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Robert Miller Gallery Closes Chelsea Space, and Betsy Wittenborn Miller’s Upper East Side Maisonette Is on the Market

Robert Miller Gallery's former space on 26th Street.COURTESY GOOGLE MAPS

Robert Miller Gallery’s former space on West 26th Street.


After 15 years on West 26th Street, Robert Miller Gallery has closed its Chelsea space, a representative for the gallery confirmed to ARTnews over the phone Wednesday. The gallery was evicted as a tenant and the space was vacated June 30. The gallery, which was founded by the dealer Robert Miller and his wife, Betsy Wittenborn Miller, in 1977, currently has no physical outpost and is on the hunt for a new location. A representative said an announcement is forthcoming.

In other news, the Upper East Side maisonette that Miller lived in with his wife until his death in 2011 is for sale. The two-story, 17-room digs at 120 East End Avenue—a building developed by Vincent Astor, who lived there with his wife, Brooke Astor—has been owned by Betsy Wittenborn Miller for decades. It was described in a January 1988 issue of New York magazine as “brimming with so many treasures that it seems to belong to another era.” Among these treasures: Hockneys, Matisse drawings, Roman busts, early Marsden Hartleys, and pre-Colombian artifacts.

A picture inside the mansion at 120 East End Avenue now serving as the Robert Miller Gallery private showroom.COURTESY DOUGLAS ELLIMAN REAL ESTATE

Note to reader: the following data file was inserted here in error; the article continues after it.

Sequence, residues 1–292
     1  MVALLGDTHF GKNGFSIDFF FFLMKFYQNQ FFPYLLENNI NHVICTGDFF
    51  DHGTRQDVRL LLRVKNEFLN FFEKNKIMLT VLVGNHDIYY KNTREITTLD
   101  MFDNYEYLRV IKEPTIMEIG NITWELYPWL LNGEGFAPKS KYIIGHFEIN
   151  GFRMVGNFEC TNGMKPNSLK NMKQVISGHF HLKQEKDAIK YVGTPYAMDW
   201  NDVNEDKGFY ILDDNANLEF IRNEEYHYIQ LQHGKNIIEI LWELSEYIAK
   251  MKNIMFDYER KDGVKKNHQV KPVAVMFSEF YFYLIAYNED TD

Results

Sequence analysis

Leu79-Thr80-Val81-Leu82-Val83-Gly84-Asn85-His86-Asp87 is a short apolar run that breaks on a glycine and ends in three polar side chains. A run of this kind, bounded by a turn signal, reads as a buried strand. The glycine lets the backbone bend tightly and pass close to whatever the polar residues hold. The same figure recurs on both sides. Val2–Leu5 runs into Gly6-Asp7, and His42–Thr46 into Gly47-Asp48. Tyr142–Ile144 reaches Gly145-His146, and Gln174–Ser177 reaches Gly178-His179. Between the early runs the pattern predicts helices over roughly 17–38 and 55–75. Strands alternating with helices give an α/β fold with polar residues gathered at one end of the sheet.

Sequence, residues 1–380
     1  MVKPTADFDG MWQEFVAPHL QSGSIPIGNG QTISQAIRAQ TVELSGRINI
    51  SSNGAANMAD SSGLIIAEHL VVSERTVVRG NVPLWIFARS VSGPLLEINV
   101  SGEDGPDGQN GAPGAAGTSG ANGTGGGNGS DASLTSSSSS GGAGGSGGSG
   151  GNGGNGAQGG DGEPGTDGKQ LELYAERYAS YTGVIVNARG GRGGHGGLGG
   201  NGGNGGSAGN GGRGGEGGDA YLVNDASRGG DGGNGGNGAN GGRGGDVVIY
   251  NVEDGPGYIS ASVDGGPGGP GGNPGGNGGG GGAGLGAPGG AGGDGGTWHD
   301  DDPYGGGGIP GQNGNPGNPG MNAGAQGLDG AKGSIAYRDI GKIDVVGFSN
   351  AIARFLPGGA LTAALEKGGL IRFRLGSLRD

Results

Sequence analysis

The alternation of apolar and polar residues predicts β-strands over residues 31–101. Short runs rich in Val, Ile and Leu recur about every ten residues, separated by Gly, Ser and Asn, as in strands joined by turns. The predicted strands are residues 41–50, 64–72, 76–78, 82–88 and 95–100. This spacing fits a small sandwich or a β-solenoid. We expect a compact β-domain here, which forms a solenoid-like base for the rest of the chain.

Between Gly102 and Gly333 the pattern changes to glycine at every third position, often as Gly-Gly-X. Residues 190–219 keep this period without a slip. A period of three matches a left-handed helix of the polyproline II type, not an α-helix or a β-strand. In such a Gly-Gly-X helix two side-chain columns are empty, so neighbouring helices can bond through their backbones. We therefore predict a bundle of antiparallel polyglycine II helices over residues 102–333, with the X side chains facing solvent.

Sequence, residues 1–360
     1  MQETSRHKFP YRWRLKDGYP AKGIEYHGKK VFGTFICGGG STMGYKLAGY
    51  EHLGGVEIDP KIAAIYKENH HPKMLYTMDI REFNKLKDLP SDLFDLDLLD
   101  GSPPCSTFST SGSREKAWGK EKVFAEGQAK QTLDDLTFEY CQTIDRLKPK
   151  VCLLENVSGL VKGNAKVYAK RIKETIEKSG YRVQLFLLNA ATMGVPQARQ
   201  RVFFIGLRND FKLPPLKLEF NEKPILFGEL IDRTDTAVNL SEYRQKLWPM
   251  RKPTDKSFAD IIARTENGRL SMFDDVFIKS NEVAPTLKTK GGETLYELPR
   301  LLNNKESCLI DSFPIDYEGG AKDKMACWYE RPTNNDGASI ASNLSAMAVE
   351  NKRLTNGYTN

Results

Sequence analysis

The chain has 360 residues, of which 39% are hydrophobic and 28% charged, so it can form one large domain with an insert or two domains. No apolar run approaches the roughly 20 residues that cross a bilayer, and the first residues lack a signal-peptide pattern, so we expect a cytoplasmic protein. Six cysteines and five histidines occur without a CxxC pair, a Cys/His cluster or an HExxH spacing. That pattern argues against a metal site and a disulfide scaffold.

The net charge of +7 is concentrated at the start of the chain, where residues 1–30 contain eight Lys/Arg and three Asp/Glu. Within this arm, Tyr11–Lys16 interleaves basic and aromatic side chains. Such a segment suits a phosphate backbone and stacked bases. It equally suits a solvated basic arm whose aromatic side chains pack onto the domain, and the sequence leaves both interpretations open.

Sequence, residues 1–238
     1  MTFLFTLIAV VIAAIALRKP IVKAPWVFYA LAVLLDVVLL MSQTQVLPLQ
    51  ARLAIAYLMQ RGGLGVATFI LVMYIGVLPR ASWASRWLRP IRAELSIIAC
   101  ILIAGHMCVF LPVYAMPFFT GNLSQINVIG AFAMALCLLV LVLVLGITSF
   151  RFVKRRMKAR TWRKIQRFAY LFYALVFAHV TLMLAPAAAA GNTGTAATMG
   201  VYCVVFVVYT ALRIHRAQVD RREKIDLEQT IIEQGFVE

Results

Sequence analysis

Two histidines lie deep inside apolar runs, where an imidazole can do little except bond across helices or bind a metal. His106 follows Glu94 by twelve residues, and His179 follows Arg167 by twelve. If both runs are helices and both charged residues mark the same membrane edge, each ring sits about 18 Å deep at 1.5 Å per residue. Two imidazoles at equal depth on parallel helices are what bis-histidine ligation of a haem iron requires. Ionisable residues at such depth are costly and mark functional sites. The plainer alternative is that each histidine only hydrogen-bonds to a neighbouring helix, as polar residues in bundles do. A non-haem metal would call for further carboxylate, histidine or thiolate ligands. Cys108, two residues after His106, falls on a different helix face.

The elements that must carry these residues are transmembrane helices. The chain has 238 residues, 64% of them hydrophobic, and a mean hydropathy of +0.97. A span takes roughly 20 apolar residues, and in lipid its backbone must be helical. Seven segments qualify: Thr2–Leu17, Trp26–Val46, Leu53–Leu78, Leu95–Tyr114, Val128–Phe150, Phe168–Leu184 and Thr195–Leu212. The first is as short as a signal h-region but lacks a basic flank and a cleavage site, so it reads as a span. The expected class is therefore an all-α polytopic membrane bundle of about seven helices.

A picture inside the mansion at 120 East End Avenue.


The home was put on the market in March 2015 for $18 million, along with a monthly maintenance fee of nearly $10,000. A representative from the gallery confirmed that it has yet to sell.

The Chelsea space, which opened at 524 West 26th Street in 2001, was vacated at the end of June. The space’s final show, which closed June 4, was a survey of work by Lee Krasner. Before moving to Chelsea, the gallery had outposts first on Fifth Avenue, then in the Fuller Building on 57th Street.

Update, August 3: In an earlier version, a representative from Miller confirmed that the gallery had established a private, by-appointment showroom in the Upper East Side maisonette. Since then, another rep from the gallery has since said that there is, in fact, no showroom there. The post has been updated to reflect this. In addition, the year of Robert Miller’s death was incorrect and has been updated.

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